2 IP's - 4 Computers... ??

on Wed, 01 Sep 2004 03:02:27

Actually you could also get a second router (if I understand what you're trying to do) free after rebate and use that to bridge your two networks if that's closer to what you need to do to test.

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I'm not sure I understand why you need a 2nd IP address.

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A cable modem doesn't do anything but bridge your Ethernet network to the cable lines. The IP addresses don't go to the cable modem. The network servers you connect to give your computers IP addresses; they simply pass through the cable modem.

Reply to
Elmo P. Shagnasty

I currently have Roadrunner cable service. One cable modem connected to a router which connects to my 4 computers.

I need one of my 4 computers to have a different IP address than the others for a program I am working on.

Roadrunner offers an additional IP address for $4.50, cost is not a factor as I need this extra ip.

Question: If I call and get the additional IP, how do I set this up. Someone told me that I would need to connect the cable modem to a hub and from the hub connect one computer to it and the router for my 3 other computers.

Is this correct? I am confused as to how 2 ip's can be sent to one cable modem? Does the HUB know what to do? How?

I have a dlink router, can anyone recommend a hub?

Thanks for your time.

Reply to
Robert Riehl

That is correct. Any hub will do. There's no reason to spend more than you have to.

Why would it be confusing that more than one IP can be behind a cablemodem? The cablemodem is nothing more than a bridge between the Ethernet and the RF cable portion of the network. If there can be traffic for more than one IP on the cable going by your house, serving you and your neighbors, why couldn't there be more than one IP on your side of the bridge between the mediums (Ethernet and RF cable)?

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"Robert Riehl" wrote in news:7ZaZc.28223$ snipped-for-privacy@twister.nyc.rr.com:

If what you need is two IPs from your ISP rather than two IPs from your router, your friend is correct.

If you purchase another IP from Roadrunner, you'll get two IPs handed out by Roadrunner to your modem. Connect the modem to a hub. A 4 to 5 port auto-sensing hub will cost about $20 or $30, and allow you to use all straight-through cables. Most brands will do; this Netgear FS605 will work:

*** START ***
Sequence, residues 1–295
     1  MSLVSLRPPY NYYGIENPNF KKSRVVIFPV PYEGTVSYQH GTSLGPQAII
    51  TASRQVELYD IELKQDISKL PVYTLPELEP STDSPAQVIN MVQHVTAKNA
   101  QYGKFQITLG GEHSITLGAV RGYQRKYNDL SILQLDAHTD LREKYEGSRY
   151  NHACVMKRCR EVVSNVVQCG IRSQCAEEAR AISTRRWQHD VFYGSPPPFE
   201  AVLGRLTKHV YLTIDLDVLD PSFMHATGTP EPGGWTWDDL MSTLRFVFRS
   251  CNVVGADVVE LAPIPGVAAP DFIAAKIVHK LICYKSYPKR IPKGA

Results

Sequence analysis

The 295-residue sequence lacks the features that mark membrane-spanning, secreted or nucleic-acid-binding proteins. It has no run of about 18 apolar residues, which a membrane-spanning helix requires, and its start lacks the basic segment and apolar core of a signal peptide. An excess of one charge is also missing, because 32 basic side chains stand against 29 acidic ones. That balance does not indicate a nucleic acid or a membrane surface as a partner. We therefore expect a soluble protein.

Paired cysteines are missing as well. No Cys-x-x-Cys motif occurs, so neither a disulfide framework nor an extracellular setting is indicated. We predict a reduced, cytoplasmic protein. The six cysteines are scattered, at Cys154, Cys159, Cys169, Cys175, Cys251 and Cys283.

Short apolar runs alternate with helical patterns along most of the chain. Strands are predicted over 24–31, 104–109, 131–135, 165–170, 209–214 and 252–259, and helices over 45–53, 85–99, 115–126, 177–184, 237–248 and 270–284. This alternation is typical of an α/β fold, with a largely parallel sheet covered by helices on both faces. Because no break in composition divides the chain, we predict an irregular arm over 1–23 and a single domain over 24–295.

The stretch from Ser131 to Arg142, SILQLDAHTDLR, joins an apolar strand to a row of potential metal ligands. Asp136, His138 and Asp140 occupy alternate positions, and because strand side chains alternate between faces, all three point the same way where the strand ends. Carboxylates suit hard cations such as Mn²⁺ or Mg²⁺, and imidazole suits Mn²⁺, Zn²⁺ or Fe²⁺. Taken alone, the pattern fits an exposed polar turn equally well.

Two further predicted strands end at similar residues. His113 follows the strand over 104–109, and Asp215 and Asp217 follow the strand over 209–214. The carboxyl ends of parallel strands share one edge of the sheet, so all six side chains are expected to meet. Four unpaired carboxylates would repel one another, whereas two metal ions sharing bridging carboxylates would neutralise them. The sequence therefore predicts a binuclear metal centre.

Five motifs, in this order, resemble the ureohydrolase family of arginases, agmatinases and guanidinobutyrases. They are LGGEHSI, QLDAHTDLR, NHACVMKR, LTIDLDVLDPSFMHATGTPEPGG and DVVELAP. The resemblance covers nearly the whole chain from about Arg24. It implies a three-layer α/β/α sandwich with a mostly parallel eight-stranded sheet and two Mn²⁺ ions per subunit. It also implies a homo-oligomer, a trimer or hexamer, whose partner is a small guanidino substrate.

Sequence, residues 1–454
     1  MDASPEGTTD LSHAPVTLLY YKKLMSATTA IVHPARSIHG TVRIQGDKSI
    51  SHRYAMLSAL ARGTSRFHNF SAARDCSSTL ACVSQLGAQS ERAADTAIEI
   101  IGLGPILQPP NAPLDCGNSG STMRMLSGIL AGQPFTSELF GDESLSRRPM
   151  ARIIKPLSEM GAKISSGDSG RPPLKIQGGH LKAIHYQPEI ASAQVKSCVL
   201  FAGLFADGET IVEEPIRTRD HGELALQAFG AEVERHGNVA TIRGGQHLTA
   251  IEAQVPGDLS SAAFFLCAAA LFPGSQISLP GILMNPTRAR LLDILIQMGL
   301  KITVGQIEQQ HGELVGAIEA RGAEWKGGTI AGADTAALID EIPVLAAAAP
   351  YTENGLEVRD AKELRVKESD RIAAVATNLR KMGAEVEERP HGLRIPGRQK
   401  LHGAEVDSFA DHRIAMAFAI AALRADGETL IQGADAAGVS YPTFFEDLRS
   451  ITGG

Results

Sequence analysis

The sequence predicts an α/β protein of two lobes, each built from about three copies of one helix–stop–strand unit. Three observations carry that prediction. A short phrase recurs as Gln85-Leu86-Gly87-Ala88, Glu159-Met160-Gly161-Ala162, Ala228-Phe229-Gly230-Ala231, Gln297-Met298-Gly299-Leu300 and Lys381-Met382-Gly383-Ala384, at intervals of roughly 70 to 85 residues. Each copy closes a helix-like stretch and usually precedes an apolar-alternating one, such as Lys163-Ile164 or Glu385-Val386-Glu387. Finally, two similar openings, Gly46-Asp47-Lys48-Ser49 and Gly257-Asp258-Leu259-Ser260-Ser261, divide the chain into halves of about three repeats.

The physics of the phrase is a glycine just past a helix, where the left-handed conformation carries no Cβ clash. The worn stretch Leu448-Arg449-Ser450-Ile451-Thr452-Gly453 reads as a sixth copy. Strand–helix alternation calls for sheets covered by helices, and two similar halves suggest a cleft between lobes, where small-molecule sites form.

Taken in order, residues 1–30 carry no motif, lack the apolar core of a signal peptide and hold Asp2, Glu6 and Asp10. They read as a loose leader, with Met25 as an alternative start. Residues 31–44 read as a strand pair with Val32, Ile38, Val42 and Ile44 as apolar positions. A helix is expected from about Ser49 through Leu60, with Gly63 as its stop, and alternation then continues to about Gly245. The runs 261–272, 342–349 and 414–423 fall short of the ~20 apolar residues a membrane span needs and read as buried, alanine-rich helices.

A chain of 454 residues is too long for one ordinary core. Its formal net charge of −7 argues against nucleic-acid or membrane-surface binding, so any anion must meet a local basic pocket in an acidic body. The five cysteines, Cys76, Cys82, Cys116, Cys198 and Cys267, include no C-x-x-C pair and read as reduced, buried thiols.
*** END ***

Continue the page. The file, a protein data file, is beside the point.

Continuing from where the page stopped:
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Connect one pc to the hub, and the D-Link router to the hub. Connect your other three pc's to the router.

Basically, that's it. You're modem is sending two IPs to the hub, and your hub is sending one of those to the pc, and the other to your router.


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FALSE prophecies from the archives, "Robert Riehl" on Wed, 01 Sep 2004 03:02:27 GMT spoke:

Absolutely correct.

The computers will handle getting the IUP addresses, same as if you only have one computer. DHCP does the work.

Any one will work, but a switch is better (think of it as a 'smart hub').

Shouldn't cost more than $20 at most computer stores.

This is at Fry's, $18...

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Again at Fry's, this one is $10...
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Reply to
Never anonymous Bud

Some routers can handle more than one IP and forward them to the appropriate computer. A hub doesn't "know" how to do anything, but pass on packets to all ports. A modem can be configured to handle more than one IP, but sends them out on the same wire, to whatever you have connected to it. So, if you had a hub (or switch) between your modem and router & computer, both the router and that one computer would see the data from the modem. They would only respond to data sent to them.

Reply to
James Knott

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